Zero Trends
    • Low Risk Percentage following Each Strategy
      Unit: % of Low-risk employees in Population
    • Projected Total Healthcare Costs & Benefit for Active Employees (x,000)
    • Quality Assurance Key Learnings
      • Integrate and leverage data to support decision making throughout life of program
      • Evaluation Framework that guides the assessment of relationships among the context, mechanisms, and outcomes of the program
      • Key actionable metrics and company index score for each pillar
    • The Challenge
      Expand the Health Status Strategy
      from a singular focus on Sickness and Precursors to Disease
      to include a focus on Wellness and Precursors to Health
      (from a 97 to 3 resource allocation ratio to a 80 to 20 ratio)
    • Summary
    • Lifestyle Scale for Individuals and Populations: Self-Leaders
      High-Level Wellness, Energy and Vitality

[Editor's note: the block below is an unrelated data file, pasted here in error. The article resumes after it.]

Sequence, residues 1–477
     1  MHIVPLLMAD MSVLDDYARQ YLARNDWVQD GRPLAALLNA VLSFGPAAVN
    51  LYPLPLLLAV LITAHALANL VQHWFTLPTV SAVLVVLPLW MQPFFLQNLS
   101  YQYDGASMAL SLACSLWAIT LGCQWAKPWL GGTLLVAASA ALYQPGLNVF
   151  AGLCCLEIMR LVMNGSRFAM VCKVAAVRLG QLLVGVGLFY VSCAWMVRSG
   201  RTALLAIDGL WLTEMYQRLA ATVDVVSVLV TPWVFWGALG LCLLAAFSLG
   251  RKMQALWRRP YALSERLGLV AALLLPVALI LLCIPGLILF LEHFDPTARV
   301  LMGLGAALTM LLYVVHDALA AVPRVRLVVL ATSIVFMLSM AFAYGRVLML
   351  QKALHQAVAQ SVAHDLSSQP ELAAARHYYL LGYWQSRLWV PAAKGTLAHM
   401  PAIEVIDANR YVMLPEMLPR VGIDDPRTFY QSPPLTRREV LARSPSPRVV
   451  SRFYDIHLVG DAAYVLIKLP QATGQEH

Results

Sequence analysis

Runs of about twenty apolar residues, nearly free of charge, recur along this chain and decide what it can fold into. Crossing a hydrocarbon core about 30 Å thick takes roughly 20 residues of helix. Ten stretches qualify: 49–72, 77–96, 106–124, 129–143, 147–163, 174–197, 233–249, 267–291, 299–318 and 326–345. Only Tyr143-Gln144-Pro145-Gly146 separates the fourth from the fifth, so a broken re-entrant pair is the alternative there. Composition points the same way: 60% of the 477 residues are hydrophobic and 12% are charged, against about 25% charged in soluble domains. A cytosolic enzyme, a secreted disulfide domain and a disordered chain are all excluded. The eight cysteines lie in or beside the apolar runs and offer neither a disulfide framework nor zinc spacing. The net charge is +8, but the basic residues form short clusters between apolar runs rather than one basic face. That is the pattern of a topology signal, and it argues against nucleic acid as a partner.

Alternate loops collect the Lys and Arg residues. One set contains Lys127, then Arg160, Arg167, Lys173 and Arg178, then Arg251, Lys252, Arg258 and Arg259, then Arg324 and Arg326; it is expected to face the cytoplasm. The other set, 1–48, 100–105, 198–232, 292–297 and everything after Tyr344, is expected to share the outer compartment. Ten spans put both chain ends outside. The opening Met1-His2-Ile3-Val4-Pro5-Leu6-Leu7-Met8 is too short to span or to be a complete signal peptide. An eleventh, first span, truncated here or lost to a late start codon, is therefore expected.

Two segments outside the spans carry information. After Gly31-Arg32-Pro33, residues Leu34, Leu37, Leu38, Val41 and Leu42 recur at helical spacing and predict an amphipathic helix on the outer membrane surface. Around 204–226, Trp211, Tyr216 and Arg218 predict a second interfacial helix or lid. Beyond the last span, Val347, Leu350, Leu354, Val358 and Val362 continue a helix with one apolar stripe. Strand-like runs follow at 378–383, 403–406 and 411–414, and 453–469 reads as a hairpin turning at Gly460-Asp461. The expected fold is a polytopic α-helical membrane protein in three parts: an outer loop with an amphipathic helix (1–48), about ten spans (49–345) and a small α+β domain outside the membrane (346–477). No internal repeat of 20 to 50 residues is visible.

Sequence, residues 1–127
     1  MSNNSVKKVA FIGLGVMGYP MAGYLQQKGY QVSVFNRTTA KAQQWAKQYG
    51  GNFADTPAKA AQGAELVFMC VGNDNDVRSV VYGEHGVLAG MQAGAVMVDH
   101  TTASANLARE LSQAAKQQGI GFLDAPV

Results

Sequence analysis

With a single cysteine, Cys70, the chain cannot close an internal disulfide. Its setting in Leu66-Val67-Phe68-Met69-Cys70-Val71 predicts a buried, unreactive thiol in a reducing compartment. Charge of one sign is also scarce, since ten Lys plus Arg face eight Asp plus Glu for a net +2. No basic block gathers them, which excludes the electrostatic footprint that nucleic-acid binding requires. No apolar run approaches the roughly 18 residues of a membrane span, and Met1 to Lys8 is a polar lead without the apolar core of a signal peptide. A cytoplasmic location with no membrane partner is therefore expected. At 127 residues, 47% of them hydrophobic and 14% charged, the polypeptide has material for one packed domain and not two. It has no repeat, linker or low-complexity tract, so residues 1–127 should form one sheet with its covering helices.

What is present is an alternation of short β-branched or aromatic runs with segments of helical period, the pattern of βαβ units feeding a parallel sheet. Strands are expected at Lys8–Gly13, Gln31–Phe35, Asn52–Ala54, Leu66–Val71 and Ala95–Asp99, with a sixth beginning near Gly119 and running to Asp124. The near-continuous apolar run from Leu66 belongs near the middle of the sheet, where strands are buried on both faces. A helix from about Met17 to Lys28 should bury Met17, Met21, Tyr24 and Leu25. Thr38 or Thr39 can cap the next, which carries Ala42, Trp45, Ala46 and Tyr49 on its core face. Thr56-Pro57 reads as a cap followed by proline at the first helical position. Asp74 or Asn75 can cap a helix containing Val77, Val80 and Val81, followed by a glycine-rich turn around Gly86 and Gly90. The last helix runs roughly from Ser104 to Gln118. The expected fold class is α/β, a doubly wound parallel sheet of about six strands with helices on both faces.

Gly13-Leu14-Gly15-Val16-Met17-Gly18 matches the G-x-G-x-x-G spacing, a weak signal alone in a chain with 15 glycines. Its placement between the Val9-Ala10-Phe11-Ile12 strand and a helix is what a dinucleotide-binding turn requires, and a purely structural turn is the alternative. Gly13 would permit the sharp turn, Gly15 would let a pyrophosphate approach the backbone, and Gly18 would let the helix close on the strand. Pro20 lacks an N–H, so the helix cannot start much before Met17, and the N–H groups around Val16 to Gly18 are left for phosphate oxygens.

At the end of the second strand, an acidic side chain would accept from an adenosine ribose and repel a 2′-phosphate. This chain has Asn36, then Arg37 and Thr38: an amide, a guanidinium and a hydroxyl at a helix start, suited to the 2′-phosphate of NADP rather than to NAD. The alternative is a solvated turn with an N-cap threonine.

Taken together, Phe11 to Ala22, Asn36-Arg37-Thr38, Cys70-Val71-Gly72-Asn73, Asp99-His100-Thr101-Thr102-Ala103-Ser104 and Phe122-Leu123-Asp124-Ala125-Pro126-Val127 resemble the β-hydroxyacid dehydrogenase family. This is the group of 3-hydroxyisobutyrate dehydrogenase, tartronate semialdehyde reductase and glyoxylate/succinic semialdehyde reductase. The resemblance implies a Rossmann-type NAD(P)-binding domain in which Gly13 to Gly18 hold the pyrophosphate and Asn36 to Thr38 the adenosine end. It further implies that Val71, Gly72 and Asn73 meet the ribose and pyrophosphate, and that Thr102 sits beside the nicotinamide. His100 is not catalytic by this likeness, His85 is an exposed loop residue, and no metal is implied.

PrematureSickness, Death & Disability
      ChronicSigns &Symptoms
      Feeling OK
      Edington. Corporate Fitness and Recreation. 2:44, 1983, Modified 2009
    • Sound Bites
      1. The “Do Nothing” strategy is unsustainable.
      2. Refocus the definition of health from “Absence of Disease to High Level Vitality.”
      3. “Total Population Management” is the effective healthcare strategy and to capture the “Total Value of Health.”
      4. The business case for Health Management indicates that the critical strategy is to “Keep the Healthy People Healthy”(“keep the low-risk people low-risk”).
      5. The first step is, “Don’t Get Worse” and then “Let’s create Winners, One Step at a Time.”
    • Employers
      Install the five fundamental pillars of health management to move to a champion company
      Implications for Public PolicyWhat can Americans Do?
      Federal Government
      Provide incentives for companies to improve the health component of their products
      State Governments
      Provide incentives for companies and communities to move to towards healthy cultures
      Local Communities
      Form coalitions of stakeholders to create a community culture of health
      Stop getting worse as a first step to becoming a self-leader
    • Thank you for your attention.
      Please contact us if you have any questions.
      Phone: (734) 763 – 2462
      Fax: (734) 763 – 2206
      Email: dwe@umich.edu
      Website: www.hmrc.umich.edu
      Dee W. Edington, Ph.D. , Director Health Management Research Center University of Michigan 1015 E. Huron Street Ann Arbor MI 48104-1689